Merced County's unemployment rate dropped slightly in May, mirroring the state and nation.
That's according to the results of a monthly survey released by the state's Employment Development Department (EDD).
Despite the drop -- mainly because of seasonal farm labor -- the county's unemployment rate remained higher than a year ago. That shows that the local economy has yet to rebound from the economic turmoil caused by the housing bubble and financial crisis, according the EDD and economic analysts.
"It's lower than last month, but still unpleasantly high," said Pedro Vargas, Merced's labor market analyst for the EDD.
In May, Merced County's unemployment rate was 18.1 percent compared to 19.8 percent in April. In other words, nearly 20,000 people in Merced County were unemployed in May. That's roughly one-fifth of the working population.
Despite the drop, the unemployment rate in May remained higher than a year earlier, which recorded a rate of 16.3.
Merced County posted the fourth worst unemployment rate in the state in May, after Yuba, Sutter and Imperial counties.
In comparison to Merced County, the state's unemployment rate saw a minuscule drop from April to May from 12.5 to 12.4 percent.
The nation's May rate was 9.7 percent.
Aside from the 2,400 farm-related jobs created in May, the county saw 500 new nonfarm jobs created. Three hundred were in government and two hundred in the private sector, said Vargas.
The unemployment picture varied widely across the county. Hilmar-Irwin had the county's lowest rate of 9.5 percent, while South Dos Palos had the highest with 42.2 percent.
Unemployment in Merced and the Valley is higher for a number of reasons particular to the area. And these factors haven't helped the area begin its recovery, according to an analyst from the University of the Pacific. "We're very much in an economic slump here in the Valley," said Jeffrey Michael, director of the University of the Pacific's Business Forecasting Center.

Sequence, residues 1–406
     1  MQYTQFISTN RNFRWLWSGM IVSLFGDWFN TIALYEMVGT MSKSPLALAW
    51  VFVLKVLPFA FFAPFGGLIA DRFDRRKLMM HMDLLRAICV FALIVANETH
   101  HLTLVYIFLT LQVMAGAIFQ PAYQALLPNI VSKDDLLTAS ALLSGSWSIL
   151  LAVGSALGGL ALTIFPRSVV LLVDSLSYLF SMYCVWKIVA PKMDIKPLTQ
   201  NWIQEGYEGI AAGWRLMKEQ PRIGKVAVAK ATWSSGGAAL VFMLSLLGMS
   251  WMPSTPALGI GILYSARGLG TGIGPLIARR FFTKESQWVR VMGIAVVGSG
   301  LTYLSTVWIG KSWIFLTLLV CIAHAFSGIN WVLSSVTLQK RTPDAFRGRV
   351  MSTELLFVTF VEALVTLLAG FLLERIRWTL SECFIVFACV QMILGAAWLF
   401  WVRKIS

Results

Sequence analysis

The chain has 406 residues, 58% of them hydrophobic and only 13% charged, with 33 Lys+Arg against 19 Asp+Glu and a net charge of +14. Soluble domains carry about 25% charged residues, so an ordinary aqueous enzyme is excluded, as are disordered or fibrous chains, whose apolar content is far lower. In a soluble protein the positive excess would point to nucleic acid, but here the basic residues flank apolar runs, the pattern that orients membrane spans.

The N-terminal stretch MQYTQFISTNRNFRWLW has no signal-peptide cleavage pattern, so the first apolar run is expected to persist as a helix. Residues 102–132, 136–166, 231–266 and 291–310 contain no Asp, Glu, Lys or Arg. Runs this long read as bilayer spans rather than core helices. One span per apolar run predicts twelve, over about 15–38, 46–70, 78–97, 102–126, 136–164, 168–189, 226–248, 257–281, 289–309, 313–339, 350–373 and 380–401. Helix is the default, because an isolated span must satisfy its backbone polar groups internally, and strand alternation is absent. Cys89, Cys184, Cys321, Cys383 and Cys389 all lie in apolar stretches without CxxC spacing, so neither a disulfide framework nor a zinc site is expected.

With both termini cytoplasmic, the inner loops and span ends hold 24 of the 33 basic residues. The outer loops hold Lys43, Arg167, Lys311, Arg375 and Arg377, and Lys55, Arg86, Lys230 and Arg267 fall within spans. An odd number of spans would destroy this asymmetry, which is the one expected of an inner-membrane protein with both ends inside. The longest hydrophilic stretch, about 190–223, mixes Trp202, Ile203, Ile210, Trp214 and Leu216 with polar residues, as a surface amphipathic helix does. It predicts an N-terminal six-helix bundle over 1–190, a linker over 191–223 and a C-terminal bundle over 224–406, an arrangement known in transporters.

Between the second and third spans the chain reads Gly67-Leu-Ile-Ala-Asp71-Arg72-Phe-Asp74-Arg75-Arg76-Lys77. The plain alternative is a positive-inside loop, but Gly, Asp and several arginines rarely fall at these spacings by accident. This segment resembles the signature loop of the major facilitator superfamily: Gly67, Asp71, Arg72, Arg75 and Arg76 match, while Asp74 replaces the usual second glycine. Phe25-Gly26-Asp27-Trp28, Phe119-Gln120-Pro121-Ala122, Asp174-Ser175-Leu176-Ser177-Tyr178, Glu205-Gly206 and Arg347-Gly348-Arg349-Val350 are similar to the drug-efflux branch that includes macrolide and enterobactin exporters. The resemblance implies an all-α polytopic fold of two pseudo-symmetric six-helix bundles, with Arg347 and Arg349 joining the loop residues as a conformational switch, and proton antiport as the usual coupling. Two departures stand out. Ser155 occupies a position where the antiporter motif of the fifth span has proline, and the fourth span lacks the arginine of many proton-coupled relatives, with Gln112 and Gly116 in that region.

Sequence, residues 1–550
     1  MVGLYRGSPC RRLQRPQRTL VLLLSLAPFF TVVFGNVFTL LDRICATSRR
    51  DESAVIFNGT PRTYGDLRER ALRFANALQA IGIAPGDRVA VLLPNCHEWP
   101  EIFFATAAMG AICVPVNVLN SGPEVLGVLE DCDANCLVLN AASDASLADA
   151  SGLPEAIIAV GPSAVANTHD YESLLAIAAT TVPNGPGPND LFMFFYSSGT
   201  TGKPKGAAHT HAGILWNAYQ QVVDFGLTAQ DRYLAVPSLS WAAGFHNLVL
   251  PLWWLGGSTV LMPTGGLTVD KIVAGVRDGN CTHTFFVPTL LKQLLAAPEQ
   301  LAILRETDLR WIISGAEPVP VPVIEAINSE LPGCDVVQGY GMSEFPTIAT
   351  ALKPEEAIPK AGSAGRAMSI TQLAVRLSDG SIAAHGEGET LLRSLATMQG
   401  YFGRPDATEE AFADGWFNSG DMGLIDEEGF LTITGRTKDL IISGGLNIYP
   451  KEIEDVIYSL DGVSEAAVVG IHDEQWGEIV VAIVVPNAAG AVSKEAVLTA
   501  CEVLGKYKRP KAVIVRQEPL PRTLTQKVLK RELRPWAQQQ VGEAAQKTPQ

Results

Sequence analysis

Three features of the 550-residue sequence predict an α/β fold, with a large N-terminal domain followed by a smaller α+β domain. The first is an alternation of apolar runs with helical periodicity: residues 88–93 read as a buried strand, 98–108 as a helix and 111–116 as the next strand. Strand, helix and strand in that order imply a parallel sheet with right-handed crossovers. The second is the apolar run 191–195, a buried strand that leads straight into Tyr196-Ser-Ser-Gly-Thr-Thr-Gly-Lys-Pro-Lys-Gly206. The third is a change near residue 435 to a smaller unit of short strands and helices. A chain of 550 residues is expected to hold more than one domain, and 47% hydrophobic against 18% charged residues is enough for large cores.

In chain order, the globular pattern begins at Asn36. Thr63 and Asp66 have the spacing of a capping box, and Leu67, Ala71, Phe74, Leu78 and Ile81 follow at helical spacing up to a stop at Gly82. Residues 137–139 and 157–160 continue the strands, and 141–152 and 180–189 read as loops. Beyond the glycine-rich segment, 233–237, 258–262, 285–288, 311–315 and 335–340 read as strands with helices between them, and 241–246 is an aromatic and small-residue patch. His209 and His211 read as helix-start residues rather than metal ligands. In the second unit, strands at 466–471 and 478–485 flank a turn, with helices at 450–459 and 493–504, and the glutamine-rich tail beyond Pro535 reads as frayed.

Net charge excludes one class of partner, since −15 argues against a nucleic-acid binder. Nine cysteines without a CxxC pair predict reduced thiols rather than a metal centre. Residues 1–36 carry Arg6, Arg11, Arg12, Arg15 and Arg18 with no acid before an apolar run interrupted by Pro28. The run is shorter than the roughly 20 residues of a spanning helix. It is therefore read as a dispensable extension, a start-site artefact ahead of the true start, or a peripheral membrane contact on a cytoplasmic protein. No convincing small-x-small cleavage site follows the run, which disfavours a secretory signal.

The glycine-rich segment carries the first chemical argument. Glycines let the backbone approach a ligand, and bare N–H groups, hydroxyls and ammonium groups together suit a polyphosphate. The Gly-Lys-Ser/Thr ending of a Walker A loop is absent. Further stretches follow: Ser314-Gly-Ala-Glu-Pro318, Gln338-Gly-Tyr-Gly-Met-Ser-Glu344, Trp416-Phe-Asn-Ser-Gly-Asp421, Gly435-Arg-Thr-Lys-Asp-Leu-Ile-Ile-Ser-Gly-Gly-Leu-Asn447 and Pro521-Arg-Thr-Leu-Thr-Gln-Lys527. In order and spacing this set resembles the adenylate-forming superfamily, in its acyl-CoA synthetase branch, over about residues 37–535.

Despite the small drop in unemployment, the Valley is still far from recovery, said Michael. The small decline in unemployment in Merced County and across the Valley was mainly because of census jobs and seasonal farm employment, he said.
In many parts of the Valley, said Michael, unemployment rates are still equal to or higher than the highest rates recorded in recent history.
One of the reasons the Valley still lags in job creation and economic growth is because of the still-moribund housing market, said Michael. While other areas in the state are experiencing a modest improvement in the housing market, the Valley, and Merced in particular, is still being hit hard by foreclosures and high vacancy rates, he said.
Another major reason the Valley's unemployment seems to always lag behind the rest of the state is the high percentage of young adults in the population, said Michael. Every year the Valley has a higher rate of new workers entering the labor market than other parts of the state. These young workers add to the labor force and increase unemployment.
Reporter Jonah Owen Lamb can be reached at (209)385-2484 or email@example.com.